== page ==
How do you begin to write a novel? Do you rush straight in with a vague idea in your head, or do you spend days, weeks, months, or even years meticulously planning every moment before you ever set pen to paper (or, finger to keypad)?
There isn’t a “right” way to write. It depends on the individual. Some writers create all manner of things before they begin: detailed spreadsheets, family trees, character profiles, music playlists (to get into character) … the possibilities are endless. Of course, the research doesn’t end when the writing starts, but having all this information in place at the beginning must cut down on an awful lot of editing at the end.
Me? I’ve always been a dive-straight-in kind of writer. Research has always seemed like a way of stalling, delaying the process until all the enthusiasm disappears. What could be better than grasping at the silhouette of a character and working out the nuts and bolts as you go? It can be exciting when you don’t know where your characters are going – and, if the writer doesn’t know the story’s end, then the reader won’t either!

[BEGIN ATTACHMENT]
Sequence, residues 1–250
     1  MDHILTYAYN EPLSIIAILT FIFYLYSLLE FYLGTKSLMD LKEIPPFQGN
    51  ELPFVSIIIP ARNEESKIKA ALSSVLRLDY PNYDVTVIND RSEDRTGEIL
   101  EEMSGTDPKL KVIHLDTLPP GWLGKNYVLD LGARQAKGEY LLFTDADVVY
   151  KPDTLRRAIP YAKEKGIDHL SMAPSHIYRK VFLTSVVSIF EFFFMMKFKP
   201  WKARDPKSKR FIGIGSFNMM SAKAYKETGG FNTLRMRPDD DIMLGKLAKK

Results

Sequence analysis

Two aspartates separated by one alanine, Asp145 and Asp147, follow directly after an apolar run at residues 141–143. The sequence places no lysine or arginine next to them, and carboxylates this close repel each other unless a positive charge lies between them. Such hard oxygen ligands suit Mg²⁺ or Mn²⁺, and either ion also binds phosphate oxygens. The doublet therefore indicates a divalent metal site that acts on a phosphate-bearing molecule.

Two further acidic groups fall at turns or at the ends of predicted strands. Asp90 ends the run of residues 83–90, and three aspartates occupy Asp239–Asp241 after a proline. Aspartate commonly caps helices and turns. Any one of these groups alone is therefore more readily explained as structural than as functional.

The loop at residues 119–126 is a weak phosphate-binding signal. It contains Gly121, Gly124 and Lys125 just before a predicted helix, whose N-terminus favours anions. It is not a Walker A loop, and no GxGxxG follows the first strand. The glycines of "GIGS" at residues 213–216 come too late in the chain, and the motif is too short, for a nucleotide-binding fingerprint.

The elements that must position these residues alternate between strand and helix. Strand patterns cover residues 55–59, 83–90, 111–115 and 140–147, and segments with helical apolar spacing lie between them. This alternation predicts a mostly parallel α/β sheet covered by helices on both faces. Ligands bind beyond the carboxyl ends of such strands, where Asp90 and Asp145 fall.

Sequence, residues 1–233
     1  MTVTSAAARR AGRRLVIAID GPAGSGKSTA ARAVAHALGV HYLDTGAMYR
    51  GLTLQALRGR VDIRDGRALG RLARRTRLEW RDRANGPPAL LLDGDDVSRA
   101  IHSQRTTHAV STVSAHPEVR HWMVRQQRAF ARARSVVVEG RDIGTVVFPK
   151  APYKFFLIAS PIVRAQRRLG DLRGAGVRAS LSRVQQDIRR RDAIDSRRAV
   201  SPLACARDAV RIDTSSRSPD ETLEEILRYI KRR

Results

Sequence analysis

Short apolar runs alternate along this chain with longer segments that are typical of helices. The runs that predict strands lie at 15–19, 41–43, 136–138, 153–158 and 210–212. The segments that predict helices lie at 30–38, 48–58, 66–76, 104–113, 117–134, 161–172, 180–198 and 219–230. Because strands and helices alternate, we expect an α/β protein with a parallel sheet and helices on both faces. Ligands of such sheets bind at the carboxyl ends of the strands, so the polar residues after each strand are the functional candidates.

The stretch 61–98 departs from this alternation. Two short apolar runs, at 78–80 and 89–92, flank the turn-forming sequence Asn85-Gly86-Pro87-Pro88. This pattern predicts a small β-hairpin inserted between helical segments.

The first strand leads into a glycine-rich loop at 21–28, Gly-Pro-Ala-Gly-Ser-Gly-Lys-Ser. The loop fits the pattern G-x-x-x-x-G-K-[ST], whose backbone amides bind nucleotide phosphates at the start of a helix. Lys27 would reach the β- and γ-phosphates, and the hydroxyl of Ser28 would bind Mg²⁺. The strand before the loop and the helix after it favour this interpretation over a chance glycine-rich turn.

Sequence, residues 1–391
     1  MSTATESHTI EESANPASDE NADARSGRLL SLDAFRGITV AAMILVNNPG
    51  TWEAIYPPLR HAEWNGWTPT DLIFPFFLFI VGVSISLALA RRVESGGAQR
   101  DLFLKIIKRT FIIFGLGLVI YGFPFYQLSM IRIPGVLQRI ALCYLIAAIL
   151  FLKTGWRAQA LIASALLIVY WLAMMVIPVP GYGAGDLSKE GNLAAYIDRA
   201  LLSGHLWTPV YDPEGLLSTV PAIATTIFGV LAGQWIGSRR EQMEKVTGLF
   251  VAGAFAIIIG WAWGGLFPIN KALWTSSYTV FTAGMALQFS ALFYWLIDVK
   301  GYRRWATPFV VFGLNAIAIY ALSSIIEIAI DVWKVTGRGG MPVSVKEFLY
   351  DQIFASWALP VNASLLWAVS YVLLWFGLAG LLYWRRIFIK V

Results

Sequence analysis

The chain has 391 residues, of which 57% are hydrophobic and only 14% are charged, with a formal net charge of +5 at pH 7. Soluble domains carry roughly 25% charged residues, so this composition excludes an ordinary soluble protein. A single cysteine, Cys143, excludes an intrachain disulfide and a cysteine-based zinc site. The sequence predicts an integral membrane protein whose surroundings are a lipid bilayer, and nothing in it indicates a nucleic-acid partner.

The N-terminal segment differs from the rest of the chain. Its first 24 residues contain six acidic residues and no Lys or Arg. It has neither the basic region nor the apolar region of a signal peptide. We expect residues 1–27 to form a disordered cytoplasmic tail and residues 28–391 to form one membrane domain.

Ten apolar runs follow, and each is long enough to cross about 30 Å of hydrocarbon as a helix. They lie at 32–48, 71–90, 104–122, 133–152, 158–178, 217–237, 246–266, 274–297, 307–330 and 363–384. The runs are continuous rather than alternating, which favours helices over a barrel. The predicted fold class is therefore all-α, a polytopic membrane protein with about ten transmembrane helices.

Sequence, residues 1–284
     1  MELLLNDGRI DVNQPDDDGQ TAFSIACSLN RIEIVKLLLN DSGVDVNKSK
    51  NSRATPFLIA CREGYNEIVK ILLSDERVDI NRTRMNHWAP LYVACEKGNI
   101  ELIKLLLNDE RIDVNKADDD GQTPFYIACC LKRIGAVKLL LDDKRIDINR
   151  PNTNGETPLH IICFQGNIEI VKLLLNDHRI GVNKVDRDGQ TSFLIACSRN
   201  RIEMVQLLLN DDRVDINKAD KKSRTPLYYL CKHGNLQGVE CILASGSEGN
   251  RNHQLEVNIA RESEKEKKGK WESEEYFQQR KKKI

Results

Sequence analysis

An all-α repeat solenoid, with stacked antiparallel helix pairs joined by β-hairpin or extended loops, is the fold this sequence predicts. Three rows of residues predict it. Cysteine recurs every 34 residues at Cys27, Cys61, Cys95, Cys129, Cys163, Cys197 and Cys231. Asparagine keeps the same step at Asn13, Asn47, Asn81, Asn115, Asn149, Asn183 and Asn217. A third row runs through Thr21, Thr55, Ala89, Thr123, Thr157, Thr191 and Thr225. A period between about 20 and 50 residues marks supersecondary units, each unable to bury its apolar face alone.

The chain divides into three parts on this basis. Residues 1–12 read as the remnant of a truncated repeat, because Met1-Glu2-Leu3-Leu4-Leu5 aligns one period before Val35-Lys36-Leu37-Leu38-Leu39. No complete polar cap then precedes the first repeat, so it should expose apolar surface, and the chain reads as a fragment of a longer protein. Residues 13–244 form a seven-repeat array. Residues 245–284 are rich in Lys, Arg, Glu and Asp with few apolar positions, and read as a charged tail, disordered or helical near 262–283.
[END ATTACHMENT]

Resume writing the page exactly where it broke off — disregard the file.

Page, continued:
Recently, however, I’ve started to value the process of looking before I leap in. Sure, it might take away a little of the excitement, but there is nothing more frustrating than getting to the end of a draft and thinking, ‘I wonder if this story would have been better in 3rd person/past tense/set in another time zone/with a different protagonist.’ Knowing the skeleton of the story before you start also means that you’re in a far better place to drop in some clues and hints along the way.
Today, I’m planning. I’m getting to know my characters, researching a little about the sorts of things which make their worlds go round, so that when they come to make their big decisions then I (and the reader) will understand. Tomorrow, I write.
So, how do you begin a novel?